Think of images of funerals in those regions of the world. When was the last time you saw a widow or mother in Butte Montana wail and shriek and throw herself on the coffin? Or weddings. I’ve never been to a wedding in Central New York in which people fire guns into the air, sometimes accidentally killing people in the upper stories of nearby buildings.

So I suspect some of the reactions are far more culturally based than religiously based.

We need to look at that, rather than criticizing an entire religion.

And we need to keep in mind that while there are tens of thousands of Muslims behaving violently, there are more than 1.5 billion of them reacting non-violently, or not at all to the cartoons.

After all, we have Catholics in the Philippines who allow themselves to be nailed to crosses – literally – at Easter time.

And until recently, we had Irish Catholics killing Protestants.

And we have some Catholics outside abortion clinics bellowing with bull horns.

Imagine if the rest of the world judged all Catholics by these folks.

(Okay, some people do judge Catholics by these folks!)

This reflection won’t stop the violent reactions to the cartoons.

But maybe if we paid more attention to the effects of our words, actions, fears and prejudices, we might avoid future problems.

Maybe we need to focus instead on making our own faith more welcoming to its own members, and something Muslims would like to convert to.

Friday, February 24, 2006

Perhaps someone should tell Donald Trump

Come now, you rich, weep and wail over your impending miseries.

Your wealth has rotted away, your clothes have become moth-eaten,
your gold and silver have corroded, and that corrosion will be a testimony against you; it will devour your flesh like a fire. You have stored up treasure for the last days.

Behold, the wages you withheld from the workers who harvested your fields are crying aloud, and the cries of the harvesters have reached the ears of the Lord of hosts.

You have lived on earth in luxury and pleasure; you have fattened your hearts for the day of slaughter.

You have condemned; you have murdered the righteous one; he offers you no resistance.

(James 5: 1-6 – NAB)

I heard this passage on the radio the other day. I thought of some of the wealthy in our society.

Then another thought hit me.

I was on my way to clean out still more of my mom’s clothes.

So far, we have donated more than 300 items of her clothing. The latest haul included 61 tops, 11 pants, 10 skirts, 9 matched outfits, and 6 dresses.

Some of the items still had price tags on them.

There’s still more clothes to go. And there's also all the pots, pans, cookbooks, jewelry, etc.

My mother shopped compulsively, trying to make up for things she lacked in her life.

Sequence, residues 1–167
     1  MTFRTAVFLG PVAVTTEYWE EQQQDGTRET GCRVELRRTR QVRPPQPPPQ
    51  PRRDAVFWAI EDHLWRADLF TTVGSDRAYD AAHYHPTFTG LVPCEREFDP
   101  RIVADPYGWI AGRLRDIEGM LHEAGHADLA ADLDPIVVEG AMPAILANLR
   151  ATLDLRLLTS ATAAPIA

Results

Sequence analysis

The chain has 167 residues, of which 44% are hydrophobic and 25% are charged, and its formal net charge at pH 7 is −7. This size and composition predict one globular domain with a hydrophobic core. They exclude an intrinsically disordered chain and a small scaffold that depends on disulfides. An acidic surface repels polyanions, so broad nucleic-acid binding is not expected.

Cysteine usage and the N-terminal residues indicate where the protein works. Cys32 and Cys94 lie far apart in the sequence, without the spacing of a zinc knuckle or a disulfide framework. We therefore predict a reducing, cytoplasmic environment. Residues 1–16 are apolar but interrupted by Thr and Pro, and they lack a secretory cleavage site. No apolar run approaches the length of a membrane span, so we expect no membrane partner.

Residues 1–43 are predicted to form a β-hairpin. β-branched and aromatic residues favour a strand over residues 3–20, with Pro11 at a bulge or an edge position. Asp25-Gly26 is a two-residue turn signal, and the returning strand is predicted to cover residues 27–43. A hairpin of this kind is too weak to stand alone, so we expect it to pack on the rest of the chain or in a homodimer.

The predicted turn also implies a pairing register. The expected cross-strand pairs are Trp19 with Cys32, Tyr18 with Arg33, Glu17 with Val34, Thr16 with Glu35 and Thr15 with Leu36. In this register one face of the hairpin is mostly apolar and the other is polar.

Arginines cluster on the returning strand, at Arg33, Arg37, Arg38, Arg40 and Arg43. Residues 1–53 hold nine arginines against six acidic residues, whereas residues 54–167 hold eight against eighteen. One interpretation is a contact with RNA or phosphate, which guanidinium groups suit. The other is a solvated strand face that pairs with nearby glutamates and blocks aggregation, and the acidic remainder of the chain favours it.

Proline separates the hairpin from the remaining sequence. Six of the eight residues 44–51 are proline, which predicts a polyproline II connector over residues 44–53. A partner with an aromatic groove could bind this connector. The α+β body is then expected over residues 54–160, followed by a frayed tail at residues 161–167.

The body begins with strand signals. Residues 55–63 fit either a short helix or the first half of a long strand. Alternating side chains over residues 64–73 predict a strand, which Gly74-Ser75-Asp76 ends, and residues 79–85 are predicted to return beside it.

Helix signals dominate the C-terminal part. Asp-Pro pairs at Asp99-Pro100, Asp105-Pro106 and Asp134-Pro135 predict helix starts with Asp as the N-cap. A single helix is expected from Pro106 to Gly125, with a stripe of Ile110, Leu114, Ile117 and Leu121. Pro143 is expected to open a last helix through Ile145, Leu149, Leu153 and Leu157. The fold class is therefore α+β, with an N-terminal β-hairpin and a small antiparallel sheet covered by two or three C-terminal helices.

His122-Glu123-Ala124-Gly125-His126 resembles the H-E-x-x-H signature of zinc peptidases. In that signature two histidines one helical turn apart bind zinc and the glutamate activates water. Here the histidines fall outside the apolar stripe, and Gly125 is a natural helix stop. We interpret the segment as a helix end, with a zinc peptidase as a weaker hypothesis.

She was an unhappy woman.

I wonder how many of the rich are similarly unhappy – and are trying to fill some gap in their own lives with possessions?

I wonder what James would say about these lost souls?

Will all the rich wail after death?

Or are some of them already wailing?

Maybe he'd soften his mesaage.

Or maybe he’d say that no matter how screwed up their lives were, they had their chances and their warnings. They had the Bible and other writings. They had preachers – like James - admonishing them.

Jesus certainly was firm about this. In the parable of the Rich Man and Lazarus, he has Abraham spurn the rich man’s attempts to go back and warn his brothers.

“They have Moses and the prophets. Let them listen to them.” (Luke 16:29).

Maybe I don’t need all those books I want and that new guitar I covet.

As goes South Dakota, so goes the nation?

South Dakota State Senate Approves Ban on Virtually All Abortions

by Steven Ertelt Editor
February 22, 2006

Pierre, SD ( -- The South Dakota state Senate on Wednesday approved legislation that that would ban all abortions except in cases to prevent the death of the mother. Gov. Mike Rounds is expected to sign the legislation into law, which will be immediately challenged by pro-abortion groups in court.

Lawmakers backed the measure on a 23-12 vote and pro-life Gov. Rounds said he would "look favorably" on an abortion ban if the bill would "save life."

The House previously passed the legislation with a vote of 47 to 22.

"In my opinion, it is the time for the South Dakota Legislature to deal with this issue and protect the lives and rights of unborn children," Democratic Sen. Julie Bartling, the bill's sponsor, said during the debate.

Planned Parenthood, which operates the state's only abortion facility, has promised to challenge the legislation in court.

"If he chooses to sign it, we will be filing a lawsuit in short order to block it," Kate Looby, director of Planned Parenthood's South Dakota business, said.

That has some pro-life advocates concerned that the legislature approved the ban too soon because the Supreme Court does not yet have the five votes necessary to overturn Roe v. Wade.

Should the measure make it to the high court before a fifth vote is in place, it could add to the pro-Roe legal precedent and South Dakota taxpayers could be stuck paying Planned Parenthood's legal bills.

According to an AP report, an anonymous donor has pledged $1 million to cover the state's legal costs.

"It is a calculated risk to be sure, but I believe it is a fight worth fighting," said Republican Sen. Brock Greenfield, also the director of South Dakota Right to Life.

Last year the legislature approved a similar bill but Rounds vetoed it because it would have taken current pro-life laws limiting abortions off the books during the legal challenge.